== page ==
2021-22 was an eventful season for Curry’s legacy, too, as no player did more to add to their list of accolades than Curry, who won his fourth championship – his second without Durant – and locked up the final award he was missing: a Finals MVP.

Jerry West

Jerry West, Los Angeles Lakers

Top accolades: One NBA title, one Finals MVP, 10 All-NBA 1st Team selections, 14 All-Stars, four All-Defensive 1st Team selections

NBA rank: 23d in scoring, 34th in assists, 233rd in rebounds

No one on this Earth can possibly hate the Celtics as much as Jerry West, having lost to them in the Finals six times out of the six he faced them. Impossible to blame West for those championship defeats, though, as he put up beastly numbers against them on a consistent basis – just as he did against the rest of the NBA. West was a masterful combo guard who performed at a high level thanks to his scoring and playmaking. He was also a great shooter, both off the dribble and with his feet set. He made the All-Star each of his seasons in the league, which only four other players with 10-plus seasons of NBA experience have accomplished.

Isiah Thomas

Isiah Thomas vs Michael Jordan

Top accolades: Two NBA tiles, one Finals MVP, thee All-NBA 1st Team selections, 12 All-Stars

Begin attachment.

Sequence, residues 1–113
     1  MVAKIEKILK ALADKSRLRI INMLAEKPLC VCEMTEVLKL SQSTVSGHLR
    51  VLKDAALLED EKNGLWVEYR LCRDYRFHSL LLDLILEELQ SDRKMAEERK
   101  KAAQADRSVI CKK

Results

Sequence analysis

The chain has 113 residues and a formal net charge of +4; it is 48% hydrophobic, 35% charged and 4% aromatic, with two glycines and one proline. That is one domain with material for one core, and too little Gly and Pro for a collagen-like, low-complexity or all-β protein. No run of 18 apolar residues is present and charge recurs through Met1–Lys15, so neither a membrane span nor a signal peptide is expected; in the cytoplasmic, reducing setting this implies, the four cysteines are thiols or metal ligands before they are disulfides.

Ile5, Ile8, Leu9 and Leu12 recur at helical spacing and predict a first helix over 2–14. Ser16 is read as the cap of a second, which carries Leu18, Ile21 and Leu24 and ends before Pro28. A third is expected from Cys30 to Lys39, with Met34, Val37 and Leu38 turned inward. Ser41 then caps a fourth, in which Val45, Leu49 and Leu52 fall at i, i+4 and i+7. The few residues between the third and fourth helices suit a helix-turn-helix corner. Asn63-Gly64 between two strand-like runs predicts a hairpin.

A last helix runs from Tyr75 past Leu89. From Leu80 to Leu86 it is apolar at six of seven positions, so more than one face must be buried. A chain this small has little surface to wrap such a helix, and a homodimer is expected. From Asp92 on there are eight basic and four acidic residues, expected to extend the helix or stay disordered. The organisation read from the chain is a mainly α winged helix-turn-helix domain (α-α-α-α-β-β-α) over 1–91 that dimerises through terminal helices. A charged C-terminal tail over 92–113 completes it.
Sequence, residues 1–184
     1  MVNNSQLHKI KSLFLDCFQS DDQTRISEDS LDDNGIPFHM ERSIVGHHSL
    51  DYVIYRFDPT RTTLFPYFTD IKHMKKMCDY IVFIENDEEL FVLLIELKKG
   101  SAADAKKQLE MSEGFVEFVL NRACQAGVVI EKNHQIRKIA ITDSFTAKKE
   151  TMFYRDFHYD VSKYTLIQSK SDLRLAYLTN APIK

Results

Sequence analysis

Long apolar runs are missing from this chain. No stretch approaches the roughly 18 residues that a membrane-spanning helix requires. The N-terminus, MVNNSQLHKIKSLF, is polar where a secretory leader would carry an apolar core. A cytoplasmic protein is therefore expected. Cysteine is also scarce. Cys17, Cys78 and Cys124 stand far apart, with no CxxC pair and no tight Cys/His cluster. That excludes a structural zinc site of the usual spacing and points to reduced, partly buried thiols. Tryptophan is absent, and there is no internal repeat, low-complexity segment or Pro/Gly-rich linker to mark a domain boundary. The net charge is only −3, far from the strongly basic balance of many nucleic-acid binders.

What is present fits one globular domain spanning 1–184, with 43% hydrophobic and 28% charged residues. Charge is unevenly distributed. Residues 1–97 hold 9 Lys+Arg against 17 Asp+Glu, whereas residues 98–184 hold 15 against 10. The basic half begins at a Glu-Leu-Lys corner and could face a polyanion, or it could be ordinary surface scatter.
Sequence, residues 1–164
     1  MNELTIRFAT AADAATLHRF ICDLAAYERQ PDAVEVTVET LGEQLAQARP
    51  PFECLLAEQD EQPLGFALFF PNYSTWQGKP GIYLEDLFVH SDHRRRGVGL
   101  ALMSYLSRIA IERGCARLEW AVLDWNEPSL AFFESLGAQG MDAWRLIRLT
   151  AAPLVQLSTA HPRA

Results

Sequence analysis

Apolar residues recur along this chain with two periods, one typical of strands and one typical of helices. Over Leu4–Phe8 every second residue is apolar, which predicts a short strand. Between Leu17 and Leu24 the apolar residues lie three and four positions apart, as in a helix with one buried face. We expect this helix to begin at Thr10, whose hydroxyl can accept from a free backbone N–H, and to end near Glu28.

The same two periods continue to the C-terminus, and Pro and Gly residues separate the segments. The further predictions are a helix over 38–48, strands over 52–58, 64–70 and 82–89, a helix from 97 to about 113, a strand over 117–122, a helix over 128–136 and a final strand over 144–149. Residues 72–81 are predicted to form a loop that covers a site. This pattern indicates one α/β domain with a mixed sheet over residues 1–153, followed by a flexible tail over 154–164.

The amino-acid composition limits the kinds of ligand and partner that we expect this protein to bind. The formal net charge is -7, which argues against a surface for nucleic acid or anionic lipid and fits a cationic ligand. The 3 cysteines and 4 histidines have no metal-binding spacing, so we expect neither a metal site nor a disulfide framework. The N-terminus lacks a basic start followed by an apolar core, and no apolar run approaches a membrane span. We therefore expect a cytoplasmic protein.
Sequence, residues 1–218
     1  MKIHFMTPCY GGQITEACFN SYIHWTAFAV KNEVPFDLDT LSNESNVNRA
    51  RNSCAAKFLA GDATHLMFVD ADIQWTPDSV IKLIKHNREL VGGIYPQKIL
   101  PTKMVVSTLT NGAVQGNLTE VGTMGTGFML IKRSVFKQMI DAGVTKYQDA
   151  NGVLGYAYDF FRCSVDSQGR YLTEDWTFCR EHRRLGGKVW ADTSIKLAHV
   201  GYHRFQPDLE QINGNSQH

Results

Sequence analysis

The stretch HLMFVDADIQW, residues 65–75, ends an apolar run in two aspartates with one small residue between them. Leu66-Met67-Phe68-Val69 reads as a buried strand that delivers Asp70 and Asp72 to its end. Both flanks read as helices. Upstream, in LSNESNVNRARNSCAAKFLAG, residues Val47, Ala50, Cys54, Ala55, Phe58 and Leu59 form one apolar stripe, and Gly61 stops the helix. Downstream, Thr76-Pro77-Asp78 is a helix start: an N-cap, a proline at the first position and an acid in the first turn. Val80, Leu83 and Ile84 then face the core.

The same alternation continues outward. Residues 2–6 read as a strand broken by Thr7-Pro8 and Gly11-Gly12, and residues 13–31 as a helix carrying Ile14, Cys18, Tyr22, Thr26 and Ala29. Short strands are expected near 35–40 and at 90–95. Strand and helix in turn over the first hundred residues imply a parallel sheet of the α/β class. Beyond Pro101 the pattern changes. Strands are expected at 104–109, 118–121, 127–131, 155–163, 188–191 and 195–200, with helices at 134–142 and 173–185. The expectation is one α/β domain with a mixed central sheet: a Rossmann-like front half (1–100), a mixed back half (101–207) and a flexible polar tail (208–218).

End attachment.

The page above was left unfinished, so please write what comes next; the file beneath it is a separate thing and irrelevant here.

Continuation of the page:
NBA rank: 9th in assists, 17th in steals, 67th in scoring

Perhaps the best player ever under 6-foot-1, Isiah Thomas combined talent with fierce competitiveness. He could create at an elite level but could also score out of the midrange off the dribble. He was the face of the Bad Boys Pistons who beat Jordan’s Bulls three straight times in the playoffs in the late ’80s. The one thing holding Thomas back on this list is he had a short career for star standards.

Chris Paul

Top accolades: 11 All-NBA selections, 12 All-Stars, seven All-Defensive 1st Team selections

NBA rank: 3rd in assists, 4th in steals, 39th in scoring

The Point God, Chris Paul is one of the steadiest floor generals in NBA history, capable of acting as a head coach on the floor, getting teammates into the right spots, destroying opponents out of the pick-and-roll and scoring at a high level when needed thanks to his unreal touch as an off-the-dribble scorer in the midrange. Only thing still missing from his legacy is a ring, but he’s a first-ballot Hall-of-Famer with or without one.

John Stockton

John Stockton